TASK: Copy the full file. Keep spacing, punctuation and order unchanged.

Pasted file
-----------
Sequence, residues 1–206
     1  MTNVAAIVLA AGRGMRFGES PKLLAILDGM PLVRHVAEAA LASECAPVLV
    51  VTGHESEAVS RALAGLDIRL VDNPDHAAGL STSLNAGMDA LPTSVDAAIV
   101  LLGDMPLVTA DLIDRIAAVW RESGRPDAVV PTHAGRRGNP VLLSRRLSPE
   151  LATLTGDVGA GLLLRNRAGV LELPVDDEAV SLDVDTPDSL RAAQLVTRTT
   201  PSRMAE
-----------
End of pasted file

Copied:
Sequence, residues 1–206
     1  MTNVAAIVLA AGRGMRFGES PKLLAILDGM PLVRHVAEAA LASECAPVLV
    51  VTGHESEAVS RALAGLDIRL VDNPDHAAGL STSLNAGMDA LPTSVDAAIV
   101  LLGDMPLVTA DLIDRIAAVW RESGRPDAVV PTHAGRRGNP VLLSRRLSPE
   151  LATLTGDVGA GLLLRNRAGV LELPVDDEAV SLDVDTPDSL RAAQLVTRTT
   201  PSRMAE